17,000 earthquakes

6 Mar

Over the last few days, Iceland has been hit by 17,000 earthquakes. It’s a truly astounding number. I can’t imagine how stresses Icelanders feel. I have experienced a couple of earthquakes and that was enough for me.

My first earthquake happened on Sunday, October 18, 1992, while I was living in Medellín, Colombia. I remember the date because it was my dad’s 61st birthday. A friend in I were sitting in the backyard of the finca we shared, planning our Winter Break trip to Peru and Bolivia. Suddenly, the earth started undulating. It took a minute for my brain to register what was happening. I learned later that the quake had a magnitude of 7.2 and that 10 people died near the epicenter, which was about 300 miles northwest of us. Someone from the Canadian embassy called me to see if I was okay and asked me to let them know if any Canadians I knew needed help. My roommate, a US citizen, was impressed by that call.

As disturbing as the earthquake was, it was the aftershocks that really freaked me out. Our finca was designed in an old style. It had wooden shutters on the barred windows, instead of glass, and they were secured at night with old fashioned metal clasp. Sitting in my room, I knew an aftershock was coming because the hasp would start to tick, tick tick against the staple. It was an eerie sound that presaged danger.

The next day at school, where I taught 4th grade, I was sitting on the floor with one of my three reading groups when specialist teacher threw open the door and cried out, “What are you doing. Take cover!” Apparently an earthquake or aftershock had occurred, but we hadn’t felt it.

I remember another quake that occurred in 1996 or 1997, while I was teaching here in Oregon. I was sitting at my desk in my wheeled teacher chair, when the chair began to move of its own volition. Fortunately, lots of earthquake drills had my students and I prepared. I ducked under my desk and they found shelter under their tables. I particularly remember one girl who had arrived from Ecuador that year, praying as she hunkered down. We evacuated and all was well.

When we are in school, we practice fire drills once a month. I have never been in a school that caught fire, although I know it has happened. We only do fire drills once or twice a year. My experience makes me think we should do them more often.

7 Responses to “17,000 earthquakes”

  1. arjeha March 6, 2021 at 10:44 am #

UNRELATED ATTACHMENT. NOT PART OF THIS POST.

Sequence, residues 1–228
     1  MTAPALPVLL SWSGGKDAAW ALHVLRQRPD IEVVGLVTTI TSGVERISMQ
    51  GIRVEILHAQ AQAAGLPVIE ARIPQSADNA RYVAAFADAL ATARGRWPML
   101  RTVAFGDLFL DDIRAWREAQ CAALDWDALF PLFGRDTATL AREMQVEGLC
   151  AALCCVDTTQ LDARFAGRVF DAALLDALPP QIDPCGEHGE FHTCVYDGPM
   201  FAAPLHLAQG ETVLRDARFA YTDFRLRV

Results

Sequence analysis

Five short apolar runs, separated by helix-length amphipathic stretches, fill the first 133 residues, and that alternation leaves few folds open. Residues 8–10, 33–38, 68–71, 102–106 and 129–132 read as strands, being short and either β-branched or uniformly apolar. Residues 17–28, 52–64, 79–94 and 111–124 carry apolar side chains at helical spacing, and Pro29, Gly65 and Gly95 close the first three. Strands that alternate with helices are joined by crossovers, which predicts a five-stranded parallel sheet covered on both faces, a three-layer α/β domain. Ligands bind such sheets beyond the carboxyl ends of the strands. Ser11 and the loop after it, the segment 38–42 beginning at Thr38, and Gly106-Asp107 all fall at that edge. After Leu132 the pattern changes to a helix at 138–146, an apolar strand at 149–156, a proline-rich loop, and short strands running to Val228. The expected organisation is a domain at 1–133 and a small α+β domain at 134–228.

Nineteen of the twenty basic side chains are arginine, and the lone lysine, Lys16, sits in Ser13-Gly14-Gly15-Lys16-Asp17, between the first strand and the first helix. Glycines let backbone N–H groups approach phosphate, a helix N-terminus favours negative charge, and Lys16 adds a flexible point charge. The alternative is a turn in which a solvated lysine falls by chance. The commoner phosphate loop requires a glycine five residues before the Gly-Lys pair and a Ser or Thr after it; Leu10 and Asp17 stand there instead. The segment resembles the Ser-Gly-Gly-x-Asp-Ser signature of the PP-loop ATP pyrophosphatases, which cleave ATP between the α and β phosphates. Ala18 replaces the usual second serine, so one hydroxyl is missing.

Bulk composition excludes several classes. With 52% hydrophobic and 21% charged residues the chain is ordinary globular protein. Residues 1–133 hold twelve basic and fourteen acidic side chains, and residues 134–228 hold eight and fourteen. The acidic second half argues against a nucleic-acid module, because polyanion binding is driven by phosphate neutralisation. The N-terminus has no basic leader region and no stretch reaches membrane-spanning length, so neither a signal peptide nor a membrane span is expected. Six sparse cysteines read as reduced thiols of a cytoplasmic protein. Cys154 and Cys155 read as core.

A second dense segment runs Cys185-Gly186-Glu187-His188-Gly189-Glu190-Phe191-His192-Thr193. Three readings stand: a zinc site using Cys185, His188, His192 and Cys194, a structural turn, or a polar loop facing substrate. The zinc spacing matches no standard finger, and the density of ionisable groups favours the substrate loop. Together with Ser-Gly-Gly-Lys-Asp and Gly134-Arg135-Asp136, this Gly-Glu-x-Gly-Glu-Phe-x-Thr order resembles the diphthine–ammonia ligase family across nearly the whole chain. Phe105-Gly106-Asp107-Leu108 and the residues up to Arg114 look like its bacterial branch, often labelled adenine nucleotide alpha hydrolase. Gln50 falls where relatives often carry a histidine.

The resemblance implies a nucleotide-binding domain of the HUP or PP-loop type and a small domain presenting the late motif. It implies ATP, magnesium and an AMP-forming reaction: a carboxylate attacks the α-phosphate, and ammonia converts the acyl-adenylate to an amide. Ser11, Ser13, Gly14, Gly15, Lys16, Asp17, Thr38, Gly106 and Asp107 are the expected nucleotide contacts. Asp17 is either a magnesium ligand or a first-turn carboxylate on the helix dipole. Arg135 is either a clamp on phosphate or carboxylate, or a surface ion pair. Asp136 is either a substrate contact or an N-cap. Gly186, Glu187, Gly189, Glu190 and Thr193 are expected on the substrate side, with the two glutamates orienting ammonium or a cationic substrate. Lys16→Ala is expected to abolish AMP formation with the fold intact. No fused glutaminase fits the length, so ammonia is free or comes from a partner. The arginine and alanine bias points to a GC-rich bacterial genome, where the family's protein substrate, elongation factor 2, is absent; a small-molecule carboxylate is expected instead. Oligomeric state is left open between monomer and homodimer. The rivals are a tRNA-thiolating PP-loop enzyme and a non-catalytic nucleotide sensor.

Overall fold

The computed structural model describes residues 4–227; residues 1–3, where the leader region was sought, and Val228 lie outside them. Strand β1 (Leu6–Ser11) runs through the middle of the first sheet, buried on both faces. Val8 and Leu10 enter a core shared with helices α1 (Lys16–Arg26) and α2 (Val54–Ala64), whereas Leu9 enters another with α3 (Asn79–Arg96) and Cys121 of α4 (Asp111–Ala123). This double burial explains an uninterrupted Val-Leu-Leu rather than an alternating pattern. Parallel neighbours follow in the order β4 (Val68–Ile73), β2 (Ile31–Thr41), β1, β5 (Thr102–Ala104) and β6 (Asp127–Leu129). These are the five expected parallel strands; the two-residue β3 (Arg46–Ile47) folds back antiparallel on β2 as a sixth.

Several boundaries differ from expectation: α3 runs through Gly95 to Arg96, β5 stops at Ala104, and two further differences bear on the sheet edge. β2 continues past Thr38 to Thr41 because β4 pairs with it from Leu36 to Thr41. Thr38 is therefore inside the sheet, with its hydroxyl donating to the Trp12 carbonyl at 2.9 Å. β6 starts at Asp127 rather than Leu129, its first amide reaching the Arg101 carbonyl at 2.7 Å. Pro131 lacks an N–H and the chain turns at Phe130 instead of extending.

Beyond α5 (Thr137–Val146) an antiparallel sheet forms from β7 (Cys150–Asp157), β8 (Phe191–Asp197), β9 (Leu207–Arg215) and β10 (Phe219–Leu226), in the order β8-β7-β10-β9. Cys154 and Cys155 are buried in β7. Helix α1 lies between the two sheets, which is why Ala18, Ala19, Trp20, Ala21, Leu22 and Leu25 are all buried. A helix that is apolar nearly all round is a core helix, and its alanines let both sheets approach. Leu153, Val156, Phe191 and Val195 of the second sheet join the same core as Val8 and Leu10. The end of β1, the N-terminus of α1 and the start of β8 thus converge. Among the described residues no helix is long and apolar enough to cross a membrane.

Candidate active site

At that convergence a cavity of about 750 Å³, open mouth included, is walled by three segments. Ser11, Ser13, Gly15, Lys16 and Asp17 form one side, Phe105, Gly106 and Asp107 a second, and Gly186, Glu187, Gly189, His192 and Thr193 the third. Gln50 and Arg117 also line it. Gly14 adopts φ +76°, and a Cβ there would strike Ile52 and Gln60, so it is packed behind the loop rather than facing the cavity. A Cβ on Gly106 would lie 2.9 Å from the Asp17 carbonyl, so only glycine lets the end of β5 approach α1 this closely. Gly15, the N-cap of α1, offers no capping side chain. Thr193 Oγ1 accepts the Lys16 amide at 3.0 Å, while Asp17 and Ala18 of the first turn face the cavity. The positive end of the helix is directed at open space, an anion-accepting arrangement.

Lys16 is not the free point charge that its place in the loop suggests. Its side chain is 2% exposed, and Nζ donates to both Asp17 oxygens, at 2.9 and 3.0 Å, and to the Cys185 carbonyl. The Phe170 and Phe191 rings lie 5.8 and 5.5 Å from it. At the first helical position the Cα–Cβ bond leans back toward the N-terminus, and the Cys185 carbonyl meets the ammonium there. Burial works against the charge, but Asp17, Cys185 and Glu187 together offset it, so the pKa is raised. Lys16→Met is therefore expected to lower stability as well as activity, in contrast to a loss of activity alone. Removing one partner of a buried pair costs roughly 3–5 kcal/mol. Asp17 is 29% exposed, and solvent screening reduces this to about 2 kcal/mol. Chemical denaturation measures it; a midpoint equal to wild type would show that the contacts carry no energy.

I have never experienced an earthquake and hope I never do. I see the devastation they can cause and my heart aches for those caught up in one.

  2. jodimahoney March 6, 2021 at 10:49 am #

    I love the way you used recent events to connect to your own memories. This is a nice way to model the way that we respond and reflect to things outside of our lives.

  3. hzreflections March 6, 2021 at 10:50 am #

    That must be such a scary feeling not knowing what is going to happen! And I did not realize Iceland was having all those earthquakes. I am going to go Google that to learn more.

  4. lrimkunas March 6, 2021 at 1:43 pm #

    That is an incredible number of earthquakes…your title pulled me in! Wow, your experience in Columbia, filled with details, makes an unfamiliar experience for me, feel familiar. I appreciate the moment when you realized what was actually happening. I like the format of your slice- the sharing of a news event followed by your own recollections. It’s a structure that I will try. Extreme weather is so frightening. Thank you.

  5. Raivenne March 6, 2021 at 2:22 pm #

    I experienced one, and that was enough. 17,0000? That is insane. I feel my job does more in the way of emergency preparedness than some schools do. I agree there should be more.

  6. Lisa Corbett March 6, 2021 at 2:27 pm #

    I grew up in Utah and we had earthquake drills regularly when I was in school. And atomic bomb drills! LOL Once I had my class at a science museum (in Sudbury, ON) and one of the docents asked us if we’d felt the earthquake that had happened about 10 minutes earlier. And once I felt an earthquake but thought it was a bus driving past the house. I’ve never actually experienced a serious one.

  7. Writing to Learn, Learning to Write March 7, 2021 at 4:52 am #

    I had no idea there could be that many earthquakes in one place. I’ve never experienced one (that I am aware of) and I’d like to keep it that way!

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